were the significant MIS techniques that were used: (1) uretero­ renoscopic removal of renal stones with no C-arm fluoroscopy unit; (2) transuretheral vaporization of the prostate; (3)uterine endometrial vaporization for dysfunctional uterine bleeding; (4) low-cost topical vacuum therapy for nonhealing ulcers and diabetic foot; (5) modifications for laparoscopic surgeries, such as using an EMO ether machine for anesthesia, using a dental compressor for insufflation, and reusing laparoscopic disposables; (6) lift laparoscopic or gasless laparoscopic surgeries that are carried out under spinal anesthesia with traditional open surgical instruments; and (7) the diagnostic and surgical camp model. C ­ onclusion: The 3 major problems with respect to accessibility, availability and affordability were addressed by the diagnostic and surgical camp model and the various low-cost m ­ odifications. The low-cost topical vacuum therapy unit: salvaging dia­ betic foot. Gnanaraj Jesudian. From the Samiti for Educa­ tion Environment Social and Health Action, Chennai, India Background: Fifteen percent of diabetic patients develop foot ulcers and 11% have a risk of lower limb amputation during their lifetime. Topical vacuum therapy is a proven technology that dramatically improves wound healing. However, the current available units are very expensive and out of reach of the poor and the marginalized in the rural areas. Methods: A low-cost vacuum therapy unit was developed in association with the Karunya University, and the various models were used to treat patients with diabetic foot at the 45-bed hospital in the campus. The records of these patients were analyzed. The patients who the referring doctor or the surgeon at the hospital posted for lower limb amputation during the last 3 years were included in the anlaysis. Results: During the review period 23 patients with diabetic foot were either referred for amputation or advised to undergo amputation by the doctor at the Casualty/OPD. They underwent treatment with the low-cost vacuum therapy for 1 or 2 days and were reviewed. Five of them underwent amputation while rest had radical débridement and continued with topical vacuum therapy. All of them recovered, with some of them requiring skin grafting. Conclusion: The low-cost vacuum therapy unit helps prevent amputation of the lower limb or foot. The changes made in the unit included increasing the number of vacuum pumps to prevent them from burning, adding the temperature sensor that shuts the pump if the temperature is high and the pressure sensor to indicate the level of vacuum. Engaging communities in influencing quality of health care services. Emmanuel Batiibwe. From Soroti Regional Referral Hospital, Soroti, Uganda Background: In order for health care organizations to continuously offer high-quality services, they must engage the populations they serve through the clientele by acting upon feedback. The clientele represent the service population. Hospitals develop policies that are responsive to the needs of their patients com­ muni­cated in surveys. Soroti Regional Referral Hospital serves a population of about 2 million people, and its mission is increasing their access to quality general and specialized health care. Our hospital conducts regular surveys among clients geared toward informing decision-making that aims at quality improvement (QI). Methods: Over a period of 2 years we sought and analyzed Can J Surg, Vol. 58 (4 Suppl 1) August 2015 — Abstracts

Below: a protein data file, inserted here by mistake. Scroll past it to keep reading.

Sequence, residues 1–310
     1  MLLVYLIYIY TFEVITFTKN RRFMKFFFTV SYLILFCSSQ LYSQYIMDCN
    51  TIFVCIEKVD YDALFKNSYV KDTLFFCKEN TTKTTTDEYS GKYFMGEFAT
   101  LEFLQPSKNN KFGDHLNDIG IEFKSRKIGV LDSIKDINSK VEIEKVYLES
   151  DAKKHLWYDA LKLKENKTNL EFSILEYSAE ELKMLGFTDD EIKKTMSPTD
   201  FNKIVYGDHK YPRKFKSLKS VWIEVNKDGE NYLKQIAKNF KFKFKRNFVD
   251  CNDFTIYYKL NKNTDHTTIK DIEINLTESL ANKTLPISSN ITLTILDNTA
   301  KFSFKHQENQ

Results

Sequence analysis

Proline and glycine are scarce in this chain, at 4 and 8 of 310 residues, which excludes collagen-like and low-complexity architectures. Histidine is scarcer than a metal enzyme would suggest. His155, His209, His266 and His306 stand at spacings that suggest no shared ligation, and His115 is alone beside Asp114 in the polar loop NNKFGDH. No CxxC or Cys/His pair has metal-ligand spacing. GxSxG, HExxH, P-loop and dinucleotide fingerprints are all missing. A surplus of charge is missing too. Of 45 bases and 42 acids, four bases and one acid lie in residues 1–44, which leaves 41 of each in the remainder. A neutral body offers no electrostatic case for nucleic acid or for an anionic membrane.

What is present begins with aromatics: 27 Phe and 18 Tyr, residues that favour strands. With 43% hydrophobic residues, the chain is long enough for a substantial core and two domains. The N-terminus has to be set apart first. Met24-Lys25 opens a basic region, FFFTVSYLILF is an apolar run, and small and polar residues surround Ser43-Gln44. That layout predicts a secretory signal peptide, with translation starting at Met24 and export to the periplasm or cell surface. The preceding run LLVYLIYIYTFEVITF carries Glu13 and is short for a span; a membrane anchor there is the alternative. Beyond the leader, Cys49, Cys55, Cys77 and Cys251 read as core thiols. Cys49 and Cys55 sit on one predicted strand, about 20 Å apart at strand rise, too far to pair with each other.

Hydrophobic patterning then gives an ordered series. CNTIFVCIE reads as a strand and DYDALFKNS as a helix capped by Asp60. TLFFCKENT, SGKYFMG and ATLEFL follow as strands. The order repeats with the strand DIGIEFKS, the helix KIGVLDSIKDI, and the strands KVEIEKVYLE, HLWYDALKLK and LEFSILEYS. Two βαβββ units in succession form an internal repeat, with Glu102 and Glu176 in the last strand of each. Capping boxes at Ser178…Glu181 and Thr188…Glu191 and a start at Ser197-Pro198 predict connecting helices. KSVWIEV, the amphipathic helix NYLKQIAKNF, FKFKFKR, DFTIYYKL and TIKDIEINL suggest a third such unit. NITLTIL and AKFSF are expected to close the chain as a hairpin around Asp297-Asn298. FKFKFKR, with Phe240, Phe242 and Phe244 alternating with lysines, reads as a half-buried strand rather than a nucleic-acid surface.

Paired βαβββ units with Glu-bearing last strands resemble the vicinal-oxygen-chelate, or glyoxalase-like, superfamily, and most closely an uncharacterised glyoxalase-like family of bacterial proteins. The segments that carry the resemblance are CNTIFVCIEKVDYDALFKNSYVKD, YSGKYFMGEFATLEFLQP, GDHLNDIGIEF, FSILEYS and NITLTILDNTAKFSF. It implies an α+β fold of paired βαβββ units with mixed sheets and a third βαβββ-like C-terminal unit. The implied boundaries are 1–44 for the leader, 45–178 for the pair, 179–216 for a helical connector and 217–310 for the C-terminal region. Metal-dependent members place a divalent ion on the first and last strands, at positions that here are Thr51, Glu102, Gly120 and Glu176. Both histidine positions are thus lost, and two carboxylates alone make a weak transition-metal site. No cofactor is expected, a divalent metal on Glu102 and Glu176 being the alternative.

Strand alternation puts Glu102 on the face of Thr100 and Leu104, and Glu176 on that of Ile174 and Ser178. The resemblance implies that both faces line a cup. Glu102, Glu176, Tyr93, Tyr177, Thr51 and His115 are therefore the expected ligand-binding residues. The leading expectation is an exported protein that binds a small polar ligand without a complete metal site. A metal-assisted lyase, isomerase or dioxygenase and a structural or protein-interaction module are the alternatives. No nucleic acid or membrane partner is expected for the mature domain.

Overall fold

BETHUNE opinions from sample clients with varying ailments from all departments, and hence different localities of the catchment popu­lation, on aspects of a continuum of health care they received while in hospital. We tried to ascertain whether these eventually constituted QI projects at the facility. Results: Clients were from 6 districts localities (75%). Over the study period, there was an upward trend of opinions in quality of service in terms of pleasantness of health workers, access to drugs, environmental neatness and promptness of care. Thirty-one QI projects were set up in the last year alone of study in response to views expressed. Conclusion: Client communities provided a fair representation of the catchment population. When engaged, clients can be useful in causing QI in hospitals. Continuous QI must be centred in patient and family feedback. Safety and efficacy of oral ketamine for premedication in children undergoing day surgery. Olanrewaju Oyedepo,*† Abdulrasheed Nasir,* Lukman Abdur-Rahman,* Benjamin ­Bolaji,‡ Israel Kolawole,‡ Olufemi Ige.‡ From the *University of Ilorin, †Department of Anaesthesia, University of Ilorin Teaching Hospital, and the ‡University of Ilorin, Ilorin, N ­ igeria Background: Oral premedication in the pediatric age group is an uncommon practice among anesthetists in Nigeria. Both parents and the child therefore experience some form of emotional or psychological distress. This study aimed to determine the safety and effectiveness of oral ketamine as oral premedication for pediatric day surgeries. Methods: Seventy-three children with American Society of Anesthesiologists (ASA) physical status I–II aged 1–6 years were prospectively studied. They were assigned randomly to 3 separate groups that received either 5 mg/kg (group A), 10 mg/ kg (group B) or no ketamine (group C). The children were observed for acceptance of premedication, sedation and anxiolysis at  10-minute intervals after administration of premedication. ­Behaviour/response of children was assessed at the time of separation from parents, time of venipuncture and time of applying the mask for ventilation. Any untoward effects were documented. Results: The groups were comparable in age. The ­studied agent was tolerated by both groups that received premedication, with no significant difference (p = 0.73). Adequate sedation and anxiolysis was observed in both group A and group B (52%, 84%) and (68%, 88%), respectively. However, more children in group B (82.6%) had satisfactory behaviour at separation from parents and a better acceptance of anesthetic face mask (64%) at induction than those in groups A and C (33.3%, 21.7%, respectively). No side effect was recorded in either of the premedication groups. Conclusion: Oral preparation of ketamine is an acceptable and safe premedicant drug suitable for children undergoing surgery. It gives good sedation, relieves anxiety in children and has no side effect at the studied dose. Surgical device innovation for low-resource settings: an alternative for bone drilling. Justin Lam,* Lawrence Buchan,* Jeffrey Potter,† Marianne Black,* Jeremy Kooyman,* Michael Cancilla,* Elise Huisman,* Nathan O’Hara,* Peter O’Brien,* Piotr Blachut.* From the *University of British Columbia, and the †Vancouver General Hospital, Vancouver, BC Background: Owing to limited access to surgical power drills, orthopedic surgeons in low-resource settings commonly use manual drills or nonsterile hardware drills. We propose the use of a drill S164